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ATHENS: Greece holds a general election today that is seen unlikely to produce a clear winner, with a second vote expected by July if the country’s fractious political parties fail to agree to a coalition.

While opinion polls have placed the ruling conservative New Democracy party in the lead, a change to the country’s electoral system means it is likely to fall short of an absolute majority.

“The party ranking first needs over 45 per cent of the electorate in order to create a single party administration, something which it seems is quite unlikely,” said political analyst Panos Koliastasis.

New Democracy, headed by Prime Minister Kyriakos Mitsotakis, is polling between 31-38 per cent, followed by opposition leftist Syriza, trailing by 4-7 points.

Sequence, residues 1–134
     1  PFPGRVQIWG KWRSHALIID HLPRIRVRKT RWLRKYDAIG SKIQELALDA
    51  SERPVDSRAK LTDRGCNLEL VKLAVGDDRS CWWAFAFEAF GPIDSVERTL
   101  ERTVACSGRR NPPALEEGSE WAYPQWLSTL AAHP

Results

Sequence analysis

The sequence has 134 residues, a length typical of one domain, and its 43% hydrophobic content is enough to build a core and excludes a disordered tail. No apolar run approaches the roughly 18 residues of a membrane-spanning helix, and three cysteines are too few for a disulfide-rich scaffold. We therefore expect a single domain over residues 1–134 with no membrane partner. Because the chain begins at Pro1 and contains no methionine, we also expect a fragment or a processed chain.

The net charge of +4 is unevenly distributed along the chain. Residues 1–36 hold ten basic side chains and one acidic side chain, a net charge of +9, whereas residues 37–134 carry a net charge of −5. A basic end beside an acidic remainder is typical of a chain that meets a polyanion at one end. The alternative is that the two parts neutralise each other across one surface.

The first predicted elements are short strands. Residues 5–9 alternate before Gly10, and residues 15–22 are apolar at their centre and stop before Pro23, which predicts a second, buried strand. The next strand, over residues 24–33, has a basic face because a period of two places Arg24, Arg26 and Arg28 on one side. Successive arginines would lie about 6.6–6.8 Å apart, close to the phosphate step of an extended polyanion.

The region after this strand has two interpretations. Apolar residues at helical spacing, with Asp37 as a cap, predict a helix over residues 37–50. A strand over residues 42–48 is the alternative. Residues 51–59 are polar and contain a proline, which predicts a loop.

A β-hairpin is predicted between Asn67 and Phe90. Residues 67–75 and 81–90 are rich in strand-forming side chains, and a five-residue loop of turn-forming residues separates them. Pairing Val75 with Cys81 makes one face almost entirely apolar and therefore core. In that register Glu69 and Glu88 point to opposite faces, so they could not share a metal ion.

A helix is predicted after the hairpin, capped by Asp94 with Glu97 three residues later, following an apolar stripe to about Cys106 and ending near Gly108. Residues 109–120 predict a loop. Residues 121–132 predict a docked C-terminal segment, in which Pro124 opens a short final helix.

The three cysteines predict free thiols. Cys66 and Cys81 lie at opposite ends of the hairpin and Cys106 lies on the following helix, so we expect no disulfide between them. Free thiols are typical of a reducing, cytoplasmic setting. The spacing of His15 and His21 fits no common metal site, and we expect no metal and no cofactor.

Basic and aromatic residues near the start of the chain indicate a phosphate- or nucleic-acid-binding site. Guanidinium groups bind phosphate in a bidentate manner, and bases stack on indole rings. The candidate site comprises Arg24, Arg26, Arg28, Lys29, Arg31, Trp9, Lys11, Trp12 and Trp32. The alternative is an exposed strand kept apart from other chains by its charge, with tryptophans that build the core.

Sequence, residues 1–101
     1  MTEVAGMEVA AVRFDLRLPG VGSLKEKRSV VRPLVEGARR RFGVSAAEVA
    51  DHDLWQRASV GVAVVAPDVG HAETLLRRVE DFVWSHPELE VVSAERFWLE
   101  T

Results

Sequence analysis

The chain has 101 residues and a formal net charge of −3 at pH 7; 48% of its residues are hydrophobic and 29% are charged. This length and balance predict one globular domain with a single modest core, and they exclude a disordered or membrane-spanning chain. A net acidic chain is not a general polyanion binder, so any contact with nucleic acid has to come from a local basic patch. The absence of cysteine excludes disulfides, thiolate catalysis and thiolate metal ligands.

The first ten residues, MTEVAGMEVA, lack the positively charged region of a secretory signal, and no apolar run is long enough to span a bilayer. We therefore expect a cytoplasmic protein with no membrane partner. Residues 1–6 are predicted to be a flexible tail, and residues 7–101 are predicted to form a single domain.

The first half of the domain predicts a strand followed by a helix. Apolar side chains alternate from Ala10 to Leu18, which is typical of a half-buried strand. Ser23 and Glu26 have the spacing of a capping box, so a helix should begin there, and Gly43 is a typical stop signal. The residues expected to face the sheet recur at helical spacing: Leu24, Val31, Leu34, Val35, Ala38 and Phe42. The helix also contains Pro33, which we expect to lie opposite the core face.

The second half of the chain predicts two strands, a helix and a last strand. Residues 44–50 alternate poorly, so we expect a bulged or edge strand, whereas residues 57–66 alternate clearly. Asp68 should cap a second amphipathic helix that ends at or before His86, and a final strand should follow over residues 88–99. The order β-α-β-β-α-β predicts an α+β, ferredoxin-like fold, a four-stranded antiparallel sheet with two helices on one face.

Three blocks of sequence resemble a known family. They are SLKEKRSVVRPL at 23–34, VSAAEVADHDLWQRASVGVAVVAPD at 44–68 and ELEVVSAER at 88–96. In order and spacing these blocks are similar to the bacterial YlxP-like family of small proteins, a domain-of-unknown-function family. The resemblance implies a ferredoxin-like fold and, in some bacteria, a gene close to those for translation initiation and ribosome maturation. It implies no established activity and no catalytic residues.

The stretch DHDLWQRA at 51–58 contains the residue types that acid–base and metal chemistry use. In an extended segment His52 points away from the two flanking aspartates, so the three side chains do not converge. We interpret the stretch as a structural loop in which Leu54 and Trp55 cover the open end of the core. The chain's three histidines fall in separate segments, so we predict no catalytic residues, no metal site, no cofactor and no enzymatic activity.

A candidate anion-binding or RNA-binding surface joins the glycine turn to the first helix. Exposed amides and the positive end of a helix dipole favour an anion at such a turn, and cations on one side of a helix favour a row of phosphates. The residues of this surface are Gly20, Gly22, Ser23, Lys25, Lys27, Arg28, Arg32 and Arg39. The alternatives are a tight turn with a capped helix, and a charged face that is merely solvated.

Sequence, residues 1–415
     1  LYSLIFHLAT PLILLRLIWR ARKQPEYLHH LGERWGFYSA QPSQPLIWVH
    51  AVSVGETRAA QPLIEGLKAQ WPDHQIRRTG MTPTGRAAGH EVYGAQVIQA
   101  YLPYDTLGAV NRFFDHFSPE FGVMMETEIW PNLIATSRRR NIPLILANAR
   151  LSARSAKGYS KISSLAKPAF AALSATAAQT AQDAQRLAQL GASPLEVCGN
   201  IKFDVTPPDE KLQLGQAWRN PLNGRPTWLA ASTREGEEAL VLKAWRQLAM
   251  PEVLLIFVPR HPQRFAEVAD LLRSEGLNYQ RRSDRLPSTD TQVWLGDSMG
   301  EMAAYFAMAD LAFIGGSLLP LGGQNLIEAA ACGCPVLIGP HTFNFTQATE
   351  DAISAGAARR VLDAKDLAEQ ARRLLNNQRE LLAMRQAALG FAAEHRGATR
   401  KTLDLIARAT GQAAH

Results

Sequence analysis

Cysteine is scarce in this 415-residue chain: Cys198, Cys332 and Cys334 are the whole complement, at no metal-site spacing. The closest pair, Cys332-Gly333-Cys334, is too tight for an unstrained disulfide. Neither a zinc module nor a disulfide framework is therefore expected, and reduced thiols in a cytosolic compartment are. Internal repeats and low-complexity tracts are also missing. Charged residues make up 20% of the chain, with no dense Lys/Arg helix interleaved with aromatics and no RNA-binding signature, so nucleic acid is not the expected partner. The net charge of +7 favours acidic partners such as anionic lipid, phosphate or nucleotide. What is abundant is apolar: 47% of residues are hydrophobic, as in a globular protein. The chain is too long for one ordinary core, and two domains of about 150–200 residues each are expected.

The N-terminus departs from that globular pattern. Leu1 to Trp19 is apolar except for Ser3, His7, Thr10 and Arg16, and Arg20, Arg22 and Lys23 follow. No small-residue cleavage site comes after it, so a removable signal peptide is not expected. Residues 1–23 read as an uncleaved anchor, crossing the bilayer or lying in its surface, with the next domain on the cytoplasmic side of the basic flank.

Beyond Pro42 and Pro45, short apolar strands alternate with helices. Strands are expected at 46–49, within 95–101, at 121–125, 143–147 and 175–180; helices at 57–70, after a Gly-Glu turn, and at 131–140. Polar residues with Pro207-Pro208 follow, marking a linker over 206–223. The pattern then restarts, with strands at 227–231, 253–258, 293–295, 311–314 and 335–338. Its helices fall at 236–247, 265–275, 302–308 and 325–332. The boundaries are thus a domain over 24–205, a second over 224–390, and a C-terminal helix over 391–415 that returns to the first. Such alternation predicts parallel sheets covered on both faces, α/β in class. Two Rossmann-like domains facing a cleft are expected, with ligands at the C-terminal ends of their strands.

A cost of living crisis experienced in Greece, as in other European countries, has taken centre stage in the campaigns, with the parties trying to woo voters with pledges to increase the minimum wage and create jobs.

Polling stations will open at 7.00am (12 noon Malaysian time) across Greece and close 12 hours later. Just under 10 million Greeks have the right to vote.

A joint exit poll conducted by six polling agencies will be released at 1600 GMT (12 midnight Malaysian time).

Should no party win outright, Greek President Katerina Sakellaropoulou will give the top three parties a three-day mandate each, in turn, to form a government.

If they all fail, Sakellaropoulou will appoint a caretaker government that will lead the country to new elections roughly a month later. — Reuters